Any suspect arrested in the USA must be informed of four key rights. ‘You have the right to remain silent. Anything you say can, and will, be used against you in court of law. You have the right to an attorney. If you cannot afford one, one will be appointed for you.’

Known as the Miranda warning, the requirement for the police to inform all criminal suspects of these rights came about as the result of Arizona labourer Ernesto Miranda’s 1963 conviction for kidnapping and rape. A confession made to the Phoenix Police Department was entered as evidence yet, despite the form being printed with the statement that he had ‘full knowledge of my legal rights’, it later emerged that he had not been informed of either his right to an attorney or his right to remain silent.

Although Alvin Moore, Miranda’s court-appointed lawyer for his trial, objected to the use of the confession this was overruled by Judge Yale McFate and Miranda was sentenced for 20-30 years imprisonment. Having failed to win an appeal to the Arizona Supreme Court, the case eventually made it to the U.S. Supreme Court where Miranda was represented by attorney John Paul Frank.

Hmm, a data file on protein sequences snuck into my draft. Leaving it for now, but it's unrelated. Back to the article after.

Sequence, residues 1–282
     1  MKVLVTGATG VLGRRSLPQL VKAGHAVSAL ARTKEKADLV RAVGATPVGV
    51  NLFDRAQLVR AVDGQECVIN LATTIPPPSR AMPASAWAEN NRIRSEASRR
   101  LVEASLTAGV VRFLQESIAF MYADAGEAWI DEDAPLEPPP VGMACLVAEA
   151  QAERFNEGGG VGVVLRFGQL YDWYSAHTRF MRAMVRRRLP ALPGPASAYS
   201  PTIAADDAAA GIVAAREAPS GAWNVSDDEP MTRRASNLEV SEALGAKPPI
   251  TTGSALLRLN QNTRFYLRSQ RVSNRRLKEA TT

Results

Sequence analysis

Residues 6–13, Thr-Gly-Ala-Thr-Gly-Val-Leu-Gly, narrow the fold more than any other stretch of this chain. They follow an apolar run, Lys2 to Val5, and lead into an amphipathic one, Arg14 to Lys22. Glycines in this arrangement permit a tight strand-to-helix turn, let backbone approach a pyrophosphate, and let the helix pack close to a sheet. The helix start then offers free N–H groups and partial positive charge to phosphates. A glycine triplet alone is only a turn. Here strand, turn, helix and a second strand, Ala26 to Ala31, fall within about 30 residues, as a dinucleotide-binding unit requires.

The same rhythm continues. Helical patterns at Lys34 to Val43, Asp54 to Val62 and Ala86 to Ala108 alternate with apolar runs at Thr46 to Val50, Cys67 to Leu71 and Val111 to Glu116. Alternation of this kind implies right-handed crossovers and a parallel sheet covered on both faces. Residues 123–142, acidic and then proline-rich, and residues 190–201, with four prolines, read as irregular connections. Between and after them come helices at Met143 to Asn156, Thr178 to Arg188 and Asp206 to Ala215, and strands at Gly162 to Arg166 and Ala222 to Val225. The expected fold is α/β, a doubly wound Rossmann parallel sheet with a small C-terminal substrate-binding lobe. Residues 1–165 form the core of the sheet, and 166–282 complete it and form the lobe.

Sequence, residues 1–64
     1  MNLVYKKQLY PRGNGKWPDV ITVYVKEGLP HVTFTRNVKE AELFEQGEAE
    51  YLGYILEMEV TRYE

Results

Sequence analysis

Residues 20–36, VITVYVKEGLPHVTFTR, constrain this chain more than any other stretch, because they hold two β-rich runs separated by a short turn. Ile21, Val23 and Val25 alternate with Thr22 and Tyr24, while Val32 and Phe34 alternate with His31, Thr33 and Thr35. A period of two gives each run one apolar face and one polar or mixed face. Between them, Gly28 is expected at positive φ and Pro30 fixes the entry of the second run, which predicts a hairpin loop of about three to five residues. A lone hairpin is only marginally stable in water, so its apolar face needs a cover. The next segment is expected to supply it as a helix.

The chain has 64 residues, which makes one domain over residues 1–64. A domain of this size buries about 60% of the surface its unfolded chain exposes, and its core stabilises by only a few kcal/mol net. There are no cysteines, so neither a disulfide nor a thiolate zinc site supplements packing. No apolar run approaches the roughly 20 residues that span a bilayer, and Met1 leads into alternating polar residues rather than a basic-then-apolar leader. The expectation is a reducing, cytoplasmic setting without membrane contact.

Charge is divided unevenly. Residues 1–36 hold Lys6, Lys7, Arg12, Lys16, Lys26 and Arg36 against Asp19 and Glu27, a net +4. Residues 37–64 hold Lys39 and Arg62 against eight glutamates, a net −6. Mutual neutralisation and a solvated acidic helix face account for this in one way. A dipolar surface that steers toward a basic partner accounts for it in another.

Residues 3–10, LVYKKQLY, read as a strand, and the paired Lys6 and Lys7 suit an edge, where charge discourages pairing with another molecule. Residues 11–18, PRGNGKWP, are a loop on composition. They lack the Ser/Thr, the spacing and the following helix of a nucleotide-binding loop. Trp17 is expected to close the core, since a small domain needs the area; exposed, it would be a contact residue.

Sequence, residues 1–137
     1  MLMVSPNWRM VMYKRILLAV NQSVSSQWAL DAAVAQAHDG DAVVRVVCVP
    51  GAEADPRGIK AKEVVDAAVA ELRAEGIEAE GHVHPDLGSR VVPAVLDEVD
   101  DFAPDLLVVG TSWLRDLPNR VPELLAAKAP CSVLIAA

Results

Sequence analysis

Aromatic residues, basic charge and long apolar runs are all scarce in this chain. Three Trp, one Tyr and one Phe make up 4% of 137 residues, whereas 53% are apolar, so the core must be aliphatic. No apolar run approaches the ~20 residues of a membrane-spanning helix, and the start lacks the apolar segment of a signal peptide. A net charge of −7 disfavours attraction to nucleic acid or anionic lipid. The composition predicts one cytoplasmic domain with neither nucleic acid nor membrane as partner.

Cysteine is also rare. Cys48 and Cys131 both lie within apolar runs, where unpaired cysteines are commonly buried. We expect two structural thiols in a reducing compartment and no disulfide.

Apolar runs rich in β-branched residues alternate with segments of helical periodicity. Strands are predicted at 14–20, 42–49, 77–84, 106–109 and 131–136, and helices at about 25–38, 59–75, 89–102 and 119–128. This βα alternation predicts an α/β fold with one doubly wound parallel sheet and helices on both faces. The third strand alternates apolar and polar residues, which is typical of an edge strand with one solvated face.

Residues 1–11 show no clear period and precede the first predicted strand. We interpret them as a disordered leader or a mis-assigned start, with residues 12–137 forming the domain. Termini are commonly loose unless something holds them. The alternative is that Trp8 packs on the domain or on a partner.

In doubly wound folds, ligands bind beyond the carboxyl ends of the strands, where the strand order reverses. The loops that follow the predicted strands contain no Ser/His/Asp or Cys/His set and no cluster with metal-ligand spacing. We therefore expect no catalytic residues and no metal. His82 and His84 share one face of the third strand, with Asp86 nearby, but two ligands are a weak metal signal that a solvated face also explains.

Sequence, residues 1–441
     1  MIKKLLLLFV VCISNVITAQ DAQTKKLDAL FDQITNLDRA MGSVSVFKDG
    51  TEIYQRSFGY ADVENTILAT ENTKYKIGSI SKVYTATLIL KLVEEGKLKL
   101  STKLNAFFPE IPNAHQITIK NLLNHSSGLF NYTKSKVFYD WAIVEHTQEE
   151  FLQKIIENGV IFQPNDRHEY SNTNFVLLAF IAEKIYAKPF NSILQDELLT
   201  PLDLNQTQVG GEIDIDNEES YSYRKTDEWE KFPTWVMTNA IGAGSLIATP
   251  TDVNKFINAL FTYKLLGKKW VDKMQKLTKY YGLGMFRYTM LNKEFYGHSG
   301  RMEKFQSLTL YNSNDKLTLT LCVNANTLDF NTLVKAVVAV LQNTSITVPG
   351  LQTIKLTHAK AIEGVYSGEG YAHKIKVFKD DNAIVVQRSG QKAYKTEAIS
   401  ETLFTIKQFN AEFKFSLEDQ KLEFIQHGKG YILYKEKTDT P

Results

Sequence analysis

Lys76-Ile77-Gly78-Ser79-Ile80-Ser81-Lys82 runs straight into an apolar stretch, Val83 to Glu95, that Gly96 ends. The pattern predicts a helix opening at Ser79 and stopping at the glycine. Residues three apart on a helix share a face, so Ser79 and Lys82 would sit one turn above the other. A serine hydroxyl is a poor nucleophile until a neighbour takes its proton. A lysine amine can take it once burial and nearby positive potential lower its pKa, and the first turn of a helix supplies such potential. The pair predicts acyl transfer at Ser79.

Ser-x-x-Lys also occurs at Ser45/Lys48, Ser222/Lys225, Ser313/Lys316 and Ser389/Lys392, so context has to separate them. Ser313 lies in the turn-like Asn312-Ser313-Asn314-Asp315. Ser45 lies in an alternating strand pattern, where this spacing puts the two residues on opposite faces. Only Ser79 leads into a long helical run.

The Supreme Court ruled in a 5-4 majority that, in order for evidence from questioning to be used in court, the police must have first informed the suspect of their rights. Since Miranda’s conviction was based on a confession before which he had not been informed of his rights, his conviction was overturned. However, he was later retried and again found guilty thanks to the testimony of the woman he had been living with at the time.

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